1971–72 Calgary Centennials WCHL 64 27 25 52 174
1972–73 New Haven Nighthawks AHL 60 12 10 22 114
1972–73 New York Islanders NHL 11 1 1 2 10
1973–74 New York Islanders NHL 77 21 20 41 118
1974–75 New York Islanders NHL 76 27 28 55 122 17 1 3 4 27
1975–76 New York Islanders NHL 80 23 25 48 106 13 3 6 9 30
1976–77 New York Islanders NHL 80 29 27 56 91 12 0 2 2 7
1977–78 New York Islanders NHL 80 30 29 59 94 7 3 1 4 14
1978–79 New York Islanders NHL 78 19 20 39 113 10 3 2 5 4
1979–80 New York Islanders NHL 67 21 18 39 94 20 9 9 18 50
1980–81 New York Islanders NHL 79 14 30 44 145 18 6 6 12 20
1981–82 New York Islanders NHL 74 22 25 47 103 15 5 5 10 32
1982–83 New York Islanders NHL 74 10 20 30 98 20 7 6 13 15
1983–84 New York Islanders NHL 74 15 29 44 80 15 0 2 2 8
1984–85 New York Islanders NHL 36 2 5 7 58 10 2 2 4 29
1985–86 New York Islanders NHL 14 1 1 2 16
NHL totals 900 235 278 513 1248 157 39 44 83 236

References[edit]

  1. ^ ""Mr. Islander," Bob Nystrom, will be in the chilly seats on Saturday . . . and he can't wait". syracuse.com. February 18, 2010. Retrieved January 30, 2011. 
  2. ^ Who's Who in Hockey. Retrieved January 30, 2011. 
  3. ^ Riches, Sam (March 14, 2014). "The Woman Who’s Teaching the NHL How to Skate". Pacific Standard. Retrieved March 18, 2014.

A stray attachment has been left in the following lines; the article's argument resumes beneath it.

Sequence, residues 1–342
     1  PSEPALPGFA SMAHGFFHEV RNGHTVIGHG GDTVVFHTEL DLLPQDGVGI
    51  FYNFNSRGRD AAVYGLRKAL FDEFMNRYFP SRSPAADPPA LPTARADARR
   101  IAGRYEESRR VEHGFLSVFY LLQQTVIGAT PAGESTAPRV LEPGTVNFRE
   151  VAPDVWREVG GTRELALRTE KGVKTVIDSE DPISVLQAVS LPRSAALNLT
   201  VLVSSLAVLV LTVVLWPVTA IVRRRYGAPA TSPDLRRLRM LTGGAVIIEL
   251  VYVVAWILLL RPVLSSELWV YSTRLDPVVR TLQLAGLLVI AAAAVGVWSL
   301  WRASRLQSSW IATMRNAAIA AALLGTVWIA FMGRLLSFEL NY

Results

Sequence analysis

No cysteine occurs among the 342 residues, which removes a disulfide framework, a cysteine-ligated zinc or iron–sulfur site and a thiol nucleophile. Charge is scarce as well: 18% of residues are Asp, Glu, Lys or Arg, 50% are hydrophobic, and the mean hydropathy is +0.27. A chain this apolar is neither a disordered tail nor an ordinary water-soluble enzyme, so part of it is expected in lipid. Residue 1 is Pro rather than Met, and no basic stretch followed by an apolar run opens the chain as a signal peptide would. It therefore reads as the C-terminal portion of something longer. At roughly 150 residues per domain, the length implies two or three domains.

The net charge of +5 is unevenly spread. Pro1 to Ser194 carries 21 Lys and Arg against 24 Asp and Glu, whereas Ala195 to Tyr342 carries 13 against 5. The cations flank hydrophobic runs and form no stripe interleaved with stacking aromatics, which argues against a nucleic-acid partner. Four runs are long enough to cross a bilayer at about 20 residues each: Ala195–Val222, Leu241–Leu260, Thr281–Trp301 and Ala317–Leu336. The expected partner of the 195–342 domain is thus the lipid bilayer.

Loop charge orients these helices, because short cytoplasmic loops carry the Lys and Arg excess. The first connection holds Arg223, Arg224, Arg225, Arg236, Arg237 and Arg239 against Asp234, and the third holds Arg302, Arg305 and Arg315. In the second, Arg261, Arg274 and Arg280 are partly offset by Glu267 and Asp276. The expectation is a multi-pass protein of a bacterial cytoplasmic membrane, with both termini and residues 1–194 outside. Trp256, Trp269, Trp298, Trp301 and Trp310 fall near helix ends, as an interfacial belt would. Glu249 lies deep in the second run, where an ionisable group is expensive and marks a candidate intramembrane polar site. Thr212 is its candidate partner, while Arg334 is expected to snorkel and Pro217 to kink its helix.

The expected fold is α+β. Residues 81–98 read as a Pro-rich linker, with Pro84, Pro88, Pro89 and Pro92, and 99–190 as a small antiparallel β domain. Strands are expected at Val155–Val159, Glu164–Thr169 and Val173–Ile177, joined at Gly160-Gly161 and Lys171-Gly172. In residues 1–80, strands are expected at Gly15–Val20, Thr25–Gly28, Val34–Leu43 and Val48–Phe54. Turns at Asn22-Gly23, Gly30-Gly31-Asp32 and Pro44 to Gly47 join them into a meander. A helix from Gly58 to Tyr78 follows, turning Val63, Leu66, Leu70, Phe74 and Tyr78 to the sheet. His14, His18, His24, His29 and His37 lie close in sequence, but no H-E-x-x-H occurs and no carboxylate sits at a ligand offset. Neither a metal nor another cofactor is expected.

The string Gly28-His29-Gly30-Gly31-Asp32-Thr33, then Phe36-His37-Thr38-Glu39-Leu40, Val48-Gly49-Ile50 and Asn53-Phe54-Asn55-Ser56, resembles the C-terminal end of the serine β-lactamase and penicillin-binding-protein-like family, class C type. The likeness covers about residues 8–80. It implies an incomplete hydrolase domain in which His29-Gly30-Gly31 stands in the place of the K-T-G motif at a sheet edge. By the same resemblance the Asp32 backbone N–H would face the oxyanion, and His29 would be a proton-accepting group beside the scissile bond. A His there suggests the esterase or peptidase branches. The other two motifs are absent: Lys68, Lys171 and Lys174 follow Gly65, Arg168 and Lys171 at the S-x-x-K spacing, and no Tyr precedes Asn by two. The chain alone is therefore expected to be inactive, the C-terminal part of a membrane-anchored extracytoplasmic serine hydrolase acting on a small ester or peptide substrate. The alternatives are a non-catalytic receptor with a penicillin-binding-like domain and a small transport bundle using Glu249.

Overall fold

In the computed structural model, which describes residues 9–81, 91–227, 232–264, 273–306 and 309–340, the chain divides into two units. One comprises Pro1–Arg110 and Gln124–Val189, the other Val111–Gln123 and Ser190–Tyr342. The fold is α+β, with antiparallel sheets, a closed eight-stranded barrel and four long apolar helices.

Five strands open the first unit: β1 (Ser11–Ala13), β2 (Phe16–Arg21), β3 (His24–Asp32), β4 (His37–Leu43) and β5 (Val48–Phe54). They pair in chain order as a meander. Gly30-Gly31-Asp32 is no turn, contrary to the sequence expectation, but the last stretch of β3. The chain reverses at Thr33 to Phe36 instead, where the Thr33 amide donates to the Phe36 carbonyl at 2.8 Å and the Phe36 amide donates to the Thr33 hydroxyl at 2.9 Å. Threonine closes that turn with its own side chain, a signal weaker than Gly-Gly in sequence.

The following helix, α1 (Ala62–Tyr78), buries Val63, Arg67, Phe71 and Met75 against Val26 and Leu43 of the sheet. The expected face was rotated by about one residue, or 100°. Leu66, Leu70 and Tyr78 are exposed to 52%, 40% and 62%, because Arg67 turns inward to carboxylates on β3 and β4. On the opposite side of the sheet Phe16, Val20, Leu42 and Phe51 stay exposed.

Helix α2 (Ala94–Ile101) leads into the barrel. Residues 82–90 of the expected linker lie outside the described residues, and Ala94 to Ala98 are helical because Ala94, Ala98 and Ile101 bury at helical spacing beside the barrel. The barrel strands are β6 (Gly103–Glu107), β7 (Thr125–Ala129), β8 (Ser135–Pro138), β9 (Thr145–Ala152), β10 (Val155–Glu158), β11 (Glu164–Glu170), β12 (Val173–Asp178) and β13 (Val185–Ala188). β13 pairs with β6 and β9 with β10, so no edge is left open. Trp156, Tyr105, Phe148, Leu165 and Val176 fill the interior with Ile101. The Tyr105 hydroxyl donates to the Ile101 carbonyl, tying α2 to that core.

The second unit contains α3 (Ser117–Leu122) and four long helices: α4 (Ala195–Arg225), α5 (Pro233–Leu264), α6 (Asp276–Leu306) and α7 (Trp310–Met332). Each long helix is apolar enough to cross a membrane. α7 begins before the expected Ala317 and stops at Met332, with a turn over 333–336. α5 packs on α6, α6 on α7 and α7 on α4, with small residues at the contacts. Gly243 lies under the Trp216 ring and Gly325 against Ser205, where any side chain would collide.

4. ^ Szemberg, Szymon; Podnieks, Andrew (2008). IIHF Top 100 Hockey Stories of All Time. Ontario, Canada: Fenn Publishing, Bolton. p. 74. ISBN 978-1-55168-358-4. 
  5. ^ "Jewish Sports Hall of Fame". Jewishsports.org. October 30, 2008. Retrieved January 30, 2011. 
  6. ^ Harvey Rosen (October 30, 2008). "Two Jewish skaters crack Calgary Flames lineup". The Canadian Jewish News. Retrieved January 30, 2011. [dead link]
  7. ^ [1]
  8. ^ Laurie Rozakis (2007). The Portable Jewish Mother: Guilt, Food, And...When Are You Giving Me Grandchildren?. Adams Media. ISBN 1-59869-341-7. Retrieved January 30, 2011. 
  9. ^ Nate Bloom (January 27, 2006). "Celebrity Jews". Jweekly. Retrieved January 30, 2011.